First of 500 trees to green Great Yarmouth planted
More than 80 new trees have been planted across Great Yarmouth in the first phase of a national scheme to green coastal towns and cities.
In total it will see the planting of 500 semi-mature trees across the town, including joining up with wider landscaping works for the redevelopment of the town centre that will see increased planting and greenery.
The scheme will also provide for the maintenance and care of the trees for three years as they establish themselves, and bring a range of volunteering and training opportunities as part of the Community Renewal Fund project.
Great Yarmouth Mayor Adrian Thompson planted the first of the new trees at St John's Church in York Road. The remaining 83 trees in the first stage of the project have now been planted, including further trees at the church as well as at Deneside, St George's Park, Trafalgar Road, Mariners Road, Blackfriars Road and Camden Road.
The majority of the trees earmarked for Great Yarmouth will be planted next winter, to ensure they have the best chance of growing and thriving.
Cllr Thompson said: "It is fantastic to see these new trees going in to green our great town, and help provide a more enjoyable environment for residents.
"Trees not only look beautiful but are also really important for keeping our environment healthy and this project will really make a difference to the town."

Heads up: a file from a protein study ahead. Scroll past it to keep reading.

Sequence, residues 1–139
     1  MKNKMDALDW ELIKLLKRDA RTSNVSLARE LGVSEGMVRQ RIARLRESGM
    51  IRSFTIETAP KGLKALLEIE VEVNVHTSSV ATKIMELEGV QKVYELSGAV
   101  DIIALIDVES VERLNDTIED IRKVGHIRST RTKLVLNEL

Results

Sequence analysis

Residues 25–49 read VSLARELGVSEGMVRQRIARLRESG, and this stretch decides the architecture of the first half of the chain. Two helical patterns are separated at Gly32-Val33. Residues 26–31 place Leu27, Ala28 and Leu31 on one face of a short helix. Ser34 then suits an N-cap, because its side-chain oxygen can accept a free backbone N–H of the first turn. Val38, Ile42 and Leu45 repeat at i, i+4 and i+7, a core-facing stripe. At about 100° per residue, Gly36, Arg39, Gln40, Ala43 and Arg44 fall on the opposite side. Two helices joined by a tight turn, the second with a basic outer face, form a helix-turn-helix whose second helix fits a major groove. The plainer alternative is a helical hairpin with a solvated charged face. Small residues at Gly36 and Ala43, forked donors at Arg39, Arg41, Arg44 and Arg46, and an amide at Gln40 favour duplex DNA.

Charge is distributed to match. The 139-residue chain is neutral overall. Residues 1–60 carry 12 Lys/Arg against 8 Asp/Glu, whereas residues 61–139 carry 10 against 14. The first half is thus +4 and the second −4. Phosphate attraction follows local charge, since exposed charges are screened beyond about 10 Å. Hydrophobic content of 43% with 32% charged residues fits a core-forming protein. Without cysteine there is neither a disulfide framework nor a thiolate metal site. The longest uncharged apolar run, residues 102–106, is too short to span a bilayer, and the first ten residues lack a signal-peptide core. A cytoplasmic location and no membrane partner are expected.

An education programme is running alongside the tree planting, with more than 350 residents registering for free tree identification guides provided by the Field Studies Council.
To accompany the guides, there will also be three in-person sessions over the coming months giving practical tips on identifying and looking after trees.
Nationally, the Trees for Cities' Forgotten Places: Greening Coastal Towns and Cities programme has received over £1.2m from the Government's Green Recovery Challenge Fund to increase and improve tree cover in coastal towns and cities with lower than average tree canopy cover and high levels of socio-economic deprivation, and enhance skills and knowledge about urban trees.
Over 55,000 trees will be planted across 83 locations in seven coastal towns and cities and will be delivered through urban community tree planting events designed to revitalise 'forgotten' coastal urban areas.
Trees for Cities is working with the Field Studies Council, Treeconomics, Forest Research, The Queen's Green Canopy and local partners to deliver this project.